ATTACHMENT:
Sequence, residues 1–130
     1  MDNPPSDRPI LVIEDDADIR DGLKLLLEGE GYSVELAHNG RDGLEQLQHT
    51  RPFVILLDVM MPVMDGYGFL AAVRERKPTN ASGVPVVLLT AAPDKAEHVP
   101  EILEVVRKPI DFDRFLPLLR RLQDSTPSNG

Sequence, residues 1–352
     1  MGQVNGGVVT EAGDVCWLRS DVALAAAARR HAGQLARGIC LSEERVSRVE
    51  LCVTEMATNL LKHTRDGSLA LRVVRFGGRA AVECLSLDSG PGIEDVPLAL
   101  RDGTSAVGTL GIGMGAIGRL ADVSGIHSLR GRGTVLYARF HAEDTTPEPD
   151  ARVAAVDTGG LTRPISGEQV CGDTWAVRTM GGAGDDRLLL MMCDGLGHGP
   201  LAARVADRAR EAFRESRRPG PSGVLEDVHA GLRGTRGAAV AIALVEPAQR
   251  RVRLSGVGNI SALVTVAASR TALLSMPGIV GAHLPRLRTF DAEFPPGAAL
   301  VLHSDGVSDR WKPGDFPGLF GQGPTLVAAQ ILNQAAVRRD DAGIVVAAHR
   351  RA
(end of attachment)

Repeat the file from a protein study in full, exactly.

Sequence, residues 1–130
     1  MDNPPSDRPI LVIEDDADIR DGLKLLLEGE GYSVELAHNG RDGLEQLQHT
    51  RPFVILLDVM MPVMDGYGFL AAVRERKPTN ASGVPVVLLT AAPDKAEHVP
   101  EILEVVRKPI DFDRFLPLLR RLQDSTPSNG

Sequence, residues 1–352
     1  MGQVNGGVVT EAGDVCWLRS DVALAAAARR HAGQLARGIC LSEERVSRVE
    51  LCVTEMATNL LKHTRDGSLA LRVVRFGGRA AVECLSLDSG PGIEDVPLAL
   101  RDGTSAVGTL GIGMGAIGRL ADVSGIHSLR GRGTVLYARF HAEDTTPEPD
   151  ARVAAVDTGG LTRPISGEQV CGDTWAVRTM GGAGDDRLLL MMCDGLGHGP
   201  LAARVADRAR EAFRESRRPG PSGVLEDVHA GLRGTRGAAV AIALVEPAQR
   251  RVRLSGVGNI SALVTVAASR TALLSMPGIV GAHLPRLRTF DAEFPPGAAL
   301  VLHSDGVSDR WKPGDFPGLF GQGPTLVAAQ ILNQAAVRRD DAGIVVAAHR
   351  RA